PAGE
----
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Confidence

Why is confidence important? 

 

Confidence helps us deal with the challenges in life. If we are confident, we believe in our abilities and feel hopeful that we can achieve our goals. We are also more willing to try new things, and this helps us to learn. Having confidence also means we are more likely to feel comfortable with ourselves and that we have something worthwhile to give. 

 

Confidence helps us interact with other people, which makes it easier for us to form relationships. We live in a social world, so our relationships with others are of considerable importance to our wellbeing. Confidence is an essential part of building relationships - the more confident we are, the stronger, healthier relationships we will be able to build with others. 

 


Our main educational aim should be to encourage the growth of competent, caring, loving, and lovable people.

Nel Noddings 

 


When parents are asked what they want for their children, they often say they want them to feel confident. Confidence is an important part of the Scottish Curriculum for Excellence.  Teachers are being asked to enable all young people to become 'confident individuals'. Feeling confident about yourself is one of the things that leads to a flourishing life.


What is a confident child or young person?

 

Confidence means slightly different things to different people. Here, we are talking about a child or young person who:

  • believes in their own ability to do things 
  • has a genuine sense of their own worth 
  • takes responsibility for their actions
  • feels optimistic about life.

 

Some children and young people may seem naturally more confident than others, but confidence isn’t fixed. It can grow and develop. And if it does, children and young people are more likely to have fulfilling lives.

 

Confidence is not about how we behave on the outside - it is about our inner feelings of self-belief. One confident child may be very popular, willing to speak up in class or even act on stage. Another confident child may sit quietly in class and have a couple of close friends. So, two confident children may appear very different. But they are both able and willing to learn new things. Both will try hard because they will be optimistic about what they can do.

 

As an adult who lives with or works with children or young people, you have an important role to play in encouraging confidence in them. You can help children and young people develop the four components of confidence listed above by how you act and what you say.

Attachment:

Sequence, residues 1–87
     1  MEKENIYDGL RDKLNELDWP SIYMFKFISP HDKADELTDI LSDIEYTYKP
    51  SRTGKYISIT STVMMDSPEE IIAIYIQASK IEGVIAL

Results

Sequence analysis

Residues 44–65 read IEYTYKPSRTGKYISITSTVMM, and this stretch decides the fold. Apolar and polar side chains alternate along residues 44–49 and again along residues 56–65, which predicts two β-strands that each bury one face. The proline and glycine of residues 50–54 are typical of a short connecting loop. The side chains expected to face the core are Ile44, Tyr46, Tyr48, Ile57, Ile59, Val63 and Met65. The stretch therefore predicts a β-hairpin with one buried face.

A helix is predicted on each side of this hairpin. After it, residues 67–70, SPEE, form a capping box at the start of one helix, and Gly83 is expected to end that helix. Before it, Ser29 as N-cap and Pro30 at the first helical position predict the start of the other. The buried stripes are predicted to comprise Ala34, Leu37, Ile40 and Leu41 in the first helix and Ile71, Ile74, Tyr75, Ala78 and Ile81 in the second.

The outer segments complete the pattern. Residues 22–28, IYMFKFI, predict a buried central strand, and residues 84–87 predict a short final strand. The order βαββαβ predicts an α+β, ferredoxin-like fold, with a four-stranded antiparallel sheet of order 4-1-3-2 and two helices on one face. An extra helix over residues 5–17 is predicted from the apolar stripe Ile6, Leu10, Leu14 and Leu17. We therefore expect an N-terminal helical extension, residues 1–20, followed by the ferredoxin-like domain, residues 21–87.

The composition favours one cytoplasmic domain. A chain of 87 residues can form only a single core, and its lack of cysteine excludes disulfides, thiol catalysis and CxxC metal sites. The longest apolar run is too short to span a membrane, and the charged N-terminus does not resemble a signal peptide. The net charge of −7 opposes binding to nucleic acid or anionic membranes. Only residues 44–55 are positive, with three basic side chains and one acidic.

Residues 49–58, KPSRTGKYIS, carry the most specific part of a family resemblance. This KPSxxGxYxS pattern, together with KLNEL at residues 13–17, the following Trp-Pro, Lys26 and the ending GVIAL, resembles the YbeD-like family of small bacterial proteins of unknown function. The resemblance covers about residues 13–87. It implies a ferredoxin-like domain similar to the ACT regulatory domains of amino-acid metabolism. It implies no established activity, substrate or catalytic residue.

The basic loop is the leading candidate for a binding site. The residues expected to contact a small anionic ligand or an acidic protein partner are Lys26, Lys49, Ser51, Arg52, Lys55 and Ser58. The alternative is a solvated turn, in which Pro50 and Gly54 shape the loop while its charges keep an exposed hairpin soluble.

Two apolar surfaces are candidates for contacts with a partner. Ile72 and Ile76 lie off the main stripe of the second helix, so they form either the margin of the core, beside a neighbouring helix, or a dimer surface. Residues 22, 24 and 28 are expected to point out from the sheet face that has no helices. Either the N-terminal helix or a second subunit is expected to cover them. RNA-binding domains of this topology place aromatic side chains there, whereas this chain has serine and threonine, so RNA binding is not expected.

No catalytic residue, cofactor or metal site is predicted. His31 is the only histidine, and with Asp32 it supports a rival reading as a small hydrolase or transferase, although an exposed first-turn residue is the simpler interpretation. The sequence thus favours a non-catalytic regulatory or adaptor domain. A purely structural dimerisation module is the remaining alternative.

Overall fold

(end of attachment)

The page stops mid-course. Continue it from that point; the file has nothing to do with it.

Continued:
Did you know?

 

Confidence is contagious! Research has shown that teachers with high confidence in their teaching ability create confident pupils. Parents who have confidence in their ability as a parent improve their children’s self-beliefs and capabilities.


Pajares, F. (2005) Self-efficacy during childhood and adolescence. Implications for teachers and parents. In: Self-Efficacy Beliefs of Adolescents. Greenwich, Connecticut: Information Age Publishing.

Components of confidence

 

Belief in your own ability to do things

 

A child or young person’s belief in their own ability to do things is important for their motivation, perseverance and success in life. 

 

This self-belief (sometimes referred to as self-efficacy) can motivate a child or young person more than their actual skill level. So, a child who truly believes they can pass a test or ride a bike or write a poem may be more likely to achieve it than another child who has better ability, but who doesn’t believe they can do it. 

 

 

Whether you think you can or think you can't - you are right. 

Henry Ford                                                                                             

 


Having a strong belief that you can do something will help you to try harder and to keep trying even when you find it difficult. For example, a child who has a realistic belief that they are a good footballer will keep trying even when they don’t make the team. An author, who has a realistic belief that their book is good, will cope with rejection and will keep trying to get it published.

 

And the more things a child or young person believes they can do, the more likely they are to generalise that self-belief to other areas of their lives. So they begin to believe they have the ability to try, persevere and succeed in a whole range of activities.
 

Growth Mindset

 

A study found that some children kept trying when tasks got difficult and didn’t see themselves as failing when they made mistakes. Other children gave up easily when tasks became challenging and tried to avoid carrying out further similar tasks. 

 

The first group of children were termed as having a ‘Growth Mindset’ - they believed they could improve their performance through hard work, determination and by learning more. These children enjoyed challenge. Failure and mistakes were not seen as an indication of their ability and therefore it wasn’t a risk to try and fail at tasks.